Unfortunately, unlike the novel, neither film clip is funny, focusing only on the dramatic. In fact, even in the novel, many readers might miss what makes this funny. The novel requires a long set-up: Tom and Huck swear not to tell anyone what they'd seen in graveyard--the murder of a man killed not by the drunk Muff Potter, who was to drunk to know what happened, although he's the one on trial. The boys try to befriend Potter in his final hours in jail before the trial --a trial where the defense attorney doesn't even bother cross-examining the witnesses.
Before they enter the courtroom, Tom and Huck have this exchange, reaffirming, reemphasizing everything the novel has laid out [from Chapter 23]:
So Muff Potter's a good man, which makes us readers want to see him freed, but Tom and Huck want to keep their necks, so Twain has them swear again because "It's more surer." A grammar faux pas said with boldness and solemnity--rather, dread solemnity. The contrast of their boyish youth with this lofty abstraction makes the moment stand out. It's not a knee slapper, but likely to remind adults of how over-seriously they took their youth when young."Huck, have you ever told anybody about—that?""'Bout what?""You know what.""Oh—'course I haven't.""Never a word?""Never a solitary word, so help me. What makes you ask?""Well, I was afeard.""Why, Tom Sawyer, we wouldn't be alive two days if that got found out. You know that."Tom felt more comfortable. After a pause:"Huck, they couldn't anybody get you to tell, could they?""Get me to tell? Why, if I wanted that halfbreed devil to drownd me they could get me to tell. They ain't no different way.""Well, that's all right, then. I reckon we're safe as long as we keep mum. But let's swear again, anyway. It's more surer.""I'm agreed."So they swore again with dread solemnities."What is the talk around, Huck? I've heard a power of it.""Talk? Well, it's just Muff Potter, Muff Potter, Muff Potter all the time. It keeps me in a sweat, constant, so's I want to hide som'ers.""That's just the same way they go on round me. I reckon he's a goner. Don't you feel sorry for him, sometimes?""Most always—most always. He ain't no account; but then he hain't ever done anything to hurt anybody. Just fishes a little, to get money to get drunk on—and loafs around considerable; but lord, we all do that—leastways most of us—preachers and such like. But he's kind of good—he give me half a fish, once, when there warn't enough for two; and lots of times he's kind of stood by me when I was out of luck.""Well, he's mended kites for me, Huck, and knitted hooks on to my line. I wish we could get him out of there."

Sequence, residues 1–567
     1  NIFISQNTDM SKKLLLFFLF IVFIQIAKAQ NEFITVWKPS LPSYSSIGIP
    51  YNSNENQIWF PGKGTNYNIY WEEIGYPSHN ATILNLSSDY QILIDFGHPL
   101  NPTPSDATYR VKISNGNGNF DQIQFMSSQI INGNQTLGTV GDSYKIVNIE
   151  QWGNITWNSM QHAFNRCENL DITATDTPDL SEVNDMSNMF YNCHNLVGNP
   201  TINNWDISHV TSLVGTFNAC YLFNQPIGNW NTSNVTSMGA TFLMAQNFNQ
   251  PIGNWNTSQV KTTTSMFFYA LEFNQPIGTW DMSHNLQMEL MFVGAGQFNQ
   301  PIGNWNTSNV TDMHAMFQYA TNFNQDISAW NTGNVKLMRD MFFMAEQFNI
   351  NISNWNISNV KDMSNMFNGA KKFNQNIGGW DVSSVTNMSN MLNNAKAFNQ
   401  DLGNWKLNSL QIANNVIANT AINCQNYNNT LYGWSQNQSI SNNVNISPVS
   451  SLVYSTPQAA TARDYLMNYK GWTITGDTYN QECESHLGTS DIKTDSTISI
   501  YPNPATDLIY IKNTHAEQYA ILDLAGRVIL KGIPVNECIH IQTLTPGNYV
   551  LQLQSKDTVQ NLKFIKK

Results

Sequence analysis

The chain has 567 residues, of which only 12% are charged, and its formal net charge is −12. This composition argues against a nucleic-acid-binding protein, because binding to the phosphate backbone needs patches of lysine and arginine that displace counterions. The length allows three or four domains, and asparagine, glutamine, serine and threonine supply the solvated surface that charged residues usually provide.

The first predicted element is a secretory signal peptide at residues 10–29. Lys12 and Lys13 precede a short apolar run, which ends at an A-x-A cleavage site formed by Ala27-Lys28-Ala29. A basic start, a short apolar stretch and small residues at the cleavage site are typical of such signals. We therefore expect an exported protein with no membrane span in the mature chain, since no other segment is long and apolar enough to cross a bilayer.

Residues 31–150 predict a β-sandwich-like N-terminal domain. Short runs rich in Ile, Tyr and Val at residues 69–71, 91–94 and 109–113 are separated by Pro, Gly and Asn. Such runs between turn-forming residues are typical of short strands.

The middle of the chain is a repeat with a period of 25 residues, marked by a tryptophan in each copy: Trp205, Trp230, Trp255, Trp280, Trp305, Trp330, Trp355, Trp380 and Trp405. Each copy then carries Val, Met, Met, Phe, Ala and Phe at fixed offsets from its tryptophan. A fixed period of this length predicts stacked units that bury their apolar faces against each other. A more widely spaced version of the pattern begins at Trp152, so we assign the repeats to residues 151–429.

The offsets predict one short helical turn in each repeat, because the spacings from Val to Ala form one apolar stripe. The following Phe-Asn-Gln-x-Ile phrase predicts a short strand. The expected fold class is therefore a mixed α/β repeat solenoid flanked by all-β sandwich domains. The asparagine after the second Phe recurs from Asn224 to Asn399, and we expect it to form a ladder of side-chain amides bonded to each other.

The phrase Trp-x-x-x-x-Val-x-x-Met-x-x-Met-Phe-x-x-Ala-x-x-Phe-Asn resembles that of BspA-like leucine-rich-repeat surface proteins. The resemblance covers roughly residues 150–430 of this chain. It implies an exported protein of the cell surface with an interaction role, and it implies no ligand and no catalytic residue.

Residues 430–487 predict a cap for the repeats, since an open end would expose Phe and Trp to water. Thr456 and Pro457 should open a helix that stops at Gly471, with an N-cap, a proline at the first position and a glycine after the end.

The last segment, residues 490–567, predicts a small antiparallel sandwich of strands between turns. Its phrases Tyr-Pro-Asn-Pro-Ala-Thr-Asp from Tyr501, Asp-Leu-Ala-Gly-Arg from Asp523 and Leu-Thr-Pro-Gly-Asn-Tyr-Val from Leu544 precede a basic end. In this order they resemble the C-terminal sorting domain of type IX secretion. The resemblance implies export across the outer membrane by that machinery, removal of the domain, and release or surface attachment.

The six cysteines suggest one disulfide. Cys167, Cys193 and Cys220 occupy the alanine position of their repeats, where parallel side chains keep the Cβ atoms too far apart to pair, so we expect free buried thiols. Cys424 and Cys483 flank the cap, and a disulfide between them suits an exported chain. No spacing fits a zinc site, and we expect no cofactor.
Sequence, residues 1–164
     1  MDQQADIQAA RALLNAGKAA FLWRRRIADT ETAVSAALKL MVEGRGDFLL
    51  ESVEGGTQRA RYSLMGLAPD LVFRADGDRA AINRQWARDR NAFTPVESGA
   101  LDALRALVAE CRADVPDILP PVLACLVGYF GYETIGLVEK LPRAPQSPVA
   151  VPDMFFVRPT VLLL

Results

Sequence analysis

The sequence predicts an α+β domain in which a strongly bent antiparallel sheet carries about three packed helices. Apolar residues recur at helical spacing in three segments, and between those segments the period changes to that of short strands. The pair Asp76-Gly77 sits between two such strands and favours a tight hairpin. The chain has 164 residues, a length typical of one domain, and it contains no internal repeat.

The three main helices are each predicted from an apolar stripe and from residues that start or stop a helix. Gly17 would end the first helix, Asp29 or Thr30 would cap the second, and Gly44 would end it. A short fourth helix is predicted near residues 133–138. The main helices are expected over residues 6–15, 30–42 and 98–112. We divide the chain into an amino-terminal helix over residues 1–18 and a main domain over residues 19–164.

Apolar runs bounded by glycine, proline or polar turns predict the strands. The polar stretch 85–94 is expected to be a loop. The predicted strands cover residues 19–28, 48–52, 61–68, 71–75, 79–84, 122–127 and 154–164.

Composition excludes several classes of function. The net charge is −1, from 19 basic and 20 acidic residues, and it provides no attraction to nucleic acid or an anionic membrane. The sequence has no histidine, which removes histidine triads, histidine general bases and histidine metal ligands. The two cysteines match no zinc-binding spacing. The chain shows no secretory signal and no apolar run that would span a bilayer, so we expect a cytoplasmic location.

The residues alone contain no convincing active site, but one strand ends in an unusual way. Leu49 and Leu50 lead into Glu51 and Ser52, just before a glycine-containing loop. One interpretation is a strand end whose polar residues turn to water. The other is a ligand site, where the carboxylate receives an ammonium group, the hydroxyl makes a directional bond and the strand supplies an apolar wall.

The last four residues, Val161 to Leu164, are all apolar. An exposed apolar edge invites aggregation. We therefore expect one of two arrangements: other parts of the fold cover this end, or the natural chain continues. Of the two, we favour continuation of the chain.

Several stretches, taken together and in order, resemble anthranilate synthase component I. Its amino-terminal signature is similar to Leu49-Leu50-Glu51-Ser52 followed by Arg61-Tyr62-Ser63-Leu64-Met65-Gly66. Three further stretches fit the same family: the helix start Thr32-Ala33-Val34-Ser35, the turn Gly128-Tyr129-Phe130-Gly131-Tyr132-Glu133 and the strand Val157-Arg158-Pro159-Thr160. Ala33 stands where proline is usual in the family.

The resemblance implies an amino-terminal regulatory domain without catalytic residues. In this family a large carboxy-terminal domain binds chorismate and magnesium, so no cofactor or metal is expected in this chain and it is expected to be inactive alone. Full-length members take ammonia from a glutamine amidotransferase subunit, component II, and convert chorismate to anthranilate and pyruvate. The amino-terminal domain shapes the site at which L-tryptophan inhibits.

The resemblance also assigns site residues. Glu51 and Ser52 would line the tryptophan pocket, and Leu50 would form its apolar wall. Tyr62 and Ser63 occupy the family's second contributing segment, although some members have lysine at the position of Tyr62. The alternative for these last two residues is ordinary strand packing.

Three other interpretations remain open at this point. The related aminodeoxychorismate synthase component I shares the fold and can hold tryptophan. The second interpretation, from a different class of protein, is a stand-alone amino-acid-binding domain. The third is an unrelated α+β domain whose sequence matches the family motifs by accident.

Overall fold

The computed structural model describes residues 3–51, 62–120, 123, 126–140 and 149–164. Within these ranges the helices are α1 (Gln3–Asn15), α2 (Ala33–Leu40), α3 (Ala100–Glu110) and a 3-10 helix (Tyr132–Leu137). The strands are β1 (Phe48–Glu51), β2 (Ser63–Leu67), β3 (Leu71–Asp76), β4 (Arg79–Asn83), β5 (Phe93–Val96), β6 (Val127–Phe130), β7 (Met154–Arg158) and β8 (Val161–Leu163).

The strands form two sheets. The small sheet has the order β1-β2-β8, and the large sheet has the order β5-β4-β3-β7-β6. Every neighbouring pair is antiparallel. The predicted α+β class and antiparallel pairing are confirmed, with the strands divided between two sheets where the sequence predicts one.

Without a comment from Twain, Tom's called to the stands. Tom stammers. The lawyer seems to know everything. How? Has someone ratted them out?
Actually, no. As we learn in Chapter 24, Tom himself did the ratting to the lawyer, before the swearing of dread solemnities. Again, not a knee slapper, but the kind of clever that observant readers enjoy. It might put a smile on their faces.
You could complain about Twain's manipulation of POV, withholding information unfairly, but it works, and most readers will willingly go along with it as it enhances the humor.